Communicating with Clinicians: The Experiences of Surrogate Decision-Makers for Hospitalized Older Adults.
J Am Geriatr Soc. 2012 Aug 6;
Authors: Torke AM, Petronio S, Purnell CE, Sachs GA, Helft PR, Callahan CM
OBJECTIVES: To describe communication experiences of surrogates who had recently made a major medical decision for a hospitalized older adult. DESIGN: Semistructured interviews about a recent hospitalization. SETTING: Two hospitals affiliated with one large medical school: an urban public hospital and a university-affiliated tertiary referral hospital. PARTICIPANTS: Surrogates were eligible if they had recently made a major medical decision for a hospitalized individual aged 65 and older and were available for an interview within 1 month (2-5 months if the patient died). MEASUREMENTS: Interviews were audio-recorded, transcribed, and analyzed using methods of grounded theory. RESULTS: Thirty-five surrogates were interviewed (80% female, 44% white, 56% African American). Three primary themes emerged. First, it was found that the nature of surrogate-clinician relationships was best characterized as a relationship with a "team" of clinicians rather than individual clinicians because of frequent staff changes and multiple clinicians. Second, surrogates reported their communication needs, including frequent communication, information, and emotional support. Surrogates valued communication from any member of the clinical team, including nurses, social workers, and physicians. Third, surrogates described trust and mistrust, which were formed largely through surrogates' communication experiences. CONCLUSION: In the hospital, surrogates form relationships with a "team" of clinicians rather than with individuals, yet effective communication and expressions of emotional support frequently occur, which surrogates value highly. Future interventions should focus on meeting surrogates' needs for frequent communication and high levels of information and emotional support.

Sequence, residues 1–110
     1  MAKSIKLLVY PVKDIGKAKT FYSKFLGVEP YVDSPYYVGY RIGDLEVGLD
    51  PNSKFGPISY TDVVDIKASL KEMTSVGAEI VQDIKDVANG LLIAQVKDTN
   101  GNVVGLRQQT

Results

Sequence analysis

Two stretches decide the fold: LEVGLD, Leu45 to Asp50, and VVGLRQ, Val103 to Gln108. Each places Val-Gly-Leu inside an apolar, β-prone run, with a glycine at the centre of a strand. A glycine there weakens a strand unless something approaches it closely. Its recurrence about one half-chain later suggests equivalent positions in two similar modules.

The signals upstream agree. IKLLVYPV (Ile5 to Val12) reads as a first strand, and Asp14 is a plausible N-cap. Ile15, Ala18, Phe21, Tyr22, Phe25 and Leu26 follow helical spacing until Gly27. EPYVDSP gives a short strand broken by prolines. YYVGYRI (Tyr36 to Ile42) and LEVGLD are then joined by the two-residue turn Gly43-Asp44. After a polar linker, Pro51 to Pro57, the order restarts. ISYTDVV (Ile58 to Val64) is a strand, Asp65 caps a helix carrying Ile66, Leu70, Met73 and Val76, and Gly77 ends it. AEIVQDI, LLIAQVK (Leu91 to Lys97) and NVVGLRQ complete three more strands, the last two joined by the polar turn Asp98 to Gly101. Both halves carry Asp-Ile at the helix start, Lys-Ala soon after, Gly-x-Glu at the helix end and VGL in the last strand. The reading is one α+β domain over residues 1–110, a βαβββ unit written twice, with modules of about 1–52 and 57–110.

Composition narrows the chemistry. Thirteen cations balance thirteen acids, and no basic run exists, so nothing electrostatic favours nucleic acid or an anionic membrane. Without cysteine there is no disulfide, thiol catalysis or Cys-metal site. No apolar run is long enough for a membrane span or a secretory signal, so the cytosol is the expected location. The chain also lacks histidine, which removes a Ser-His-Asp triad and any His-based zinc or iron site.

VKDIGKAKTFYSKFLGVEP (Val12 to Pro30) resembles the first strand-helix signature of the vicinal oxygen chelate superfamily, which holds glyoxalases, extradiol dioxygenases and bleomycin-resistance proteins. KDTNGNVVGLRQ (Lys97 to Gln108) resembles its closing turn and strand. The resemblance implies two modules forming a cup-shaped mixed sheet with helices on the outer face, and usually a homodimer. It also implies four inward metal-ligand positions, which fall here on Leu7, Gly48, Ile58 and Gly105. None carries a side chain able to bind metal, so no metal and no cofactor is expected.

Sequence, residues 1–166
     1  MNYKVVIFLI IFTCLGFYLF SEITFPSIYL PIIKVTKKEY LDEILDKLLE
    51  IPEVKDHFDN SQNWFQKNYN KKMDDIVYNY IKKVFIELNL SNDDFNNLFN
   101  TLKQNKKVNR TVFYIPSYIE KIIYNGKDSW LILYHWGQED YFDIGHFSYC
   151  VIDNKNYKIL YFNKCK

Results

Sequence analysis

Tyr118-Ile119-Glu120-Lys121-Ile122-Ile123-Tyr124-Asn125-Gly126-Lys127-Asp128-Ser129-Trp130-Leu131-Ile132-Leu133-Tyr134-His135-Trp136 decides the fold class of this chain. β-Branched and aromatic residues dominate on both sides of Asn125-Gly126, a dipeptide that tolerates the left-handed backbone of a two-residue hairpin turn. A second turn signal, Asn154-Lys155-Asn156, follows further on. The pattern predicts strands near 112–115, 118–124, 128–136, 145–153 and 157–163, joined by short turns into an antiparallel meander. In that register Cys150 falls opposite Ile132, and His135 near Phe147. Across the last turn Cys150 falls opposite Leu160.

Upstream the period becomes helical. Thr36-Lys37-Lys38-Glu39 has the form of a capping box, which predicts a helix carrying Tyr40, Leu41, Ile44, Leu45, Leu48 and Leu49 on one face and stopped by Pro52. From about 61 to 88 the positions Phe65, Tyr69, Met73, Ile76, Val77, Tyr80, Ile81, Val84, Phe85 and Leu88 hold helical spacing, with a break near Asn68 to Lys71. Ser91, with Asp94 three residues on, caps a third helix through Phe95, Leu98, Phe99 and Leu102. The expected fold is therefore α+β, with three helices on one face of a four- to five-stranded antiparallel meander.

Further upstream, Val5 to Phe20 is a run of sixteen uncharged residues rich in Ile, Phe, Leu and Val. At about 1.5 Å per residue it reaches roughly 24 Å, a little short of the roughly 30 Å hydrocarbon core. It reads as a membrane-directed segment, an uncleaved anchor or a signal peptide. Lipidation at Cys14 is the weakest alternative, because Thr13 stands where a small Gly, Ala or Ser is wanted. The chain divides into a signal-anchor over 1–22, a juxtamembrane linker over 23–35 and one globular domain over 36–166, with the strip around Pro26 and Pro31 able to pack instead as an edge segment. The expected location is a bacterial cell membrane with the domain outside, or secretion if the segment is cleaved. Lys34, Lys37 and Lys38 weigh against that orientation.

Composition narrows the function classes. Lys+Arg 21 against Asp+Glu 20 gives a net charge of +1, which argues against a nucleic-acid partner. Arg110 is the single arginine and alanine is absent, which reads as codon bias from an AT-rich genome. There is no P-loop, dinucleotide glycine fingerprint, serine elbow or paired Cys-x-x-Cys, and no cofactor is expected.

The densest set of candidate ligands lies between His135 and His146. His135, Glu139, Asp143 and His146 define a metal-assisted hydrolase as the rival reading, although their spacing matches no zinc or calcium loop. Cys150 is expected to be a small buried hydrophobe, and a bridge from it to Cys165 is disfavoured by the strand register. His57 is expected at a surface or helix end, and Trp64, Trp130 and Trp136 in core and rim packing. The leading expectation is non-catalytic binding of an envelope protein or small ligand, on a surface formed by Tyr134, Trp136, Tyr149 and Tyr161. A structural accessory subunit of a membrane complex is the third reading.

PMID: 22881864 [PubMed - as supplied by publisher]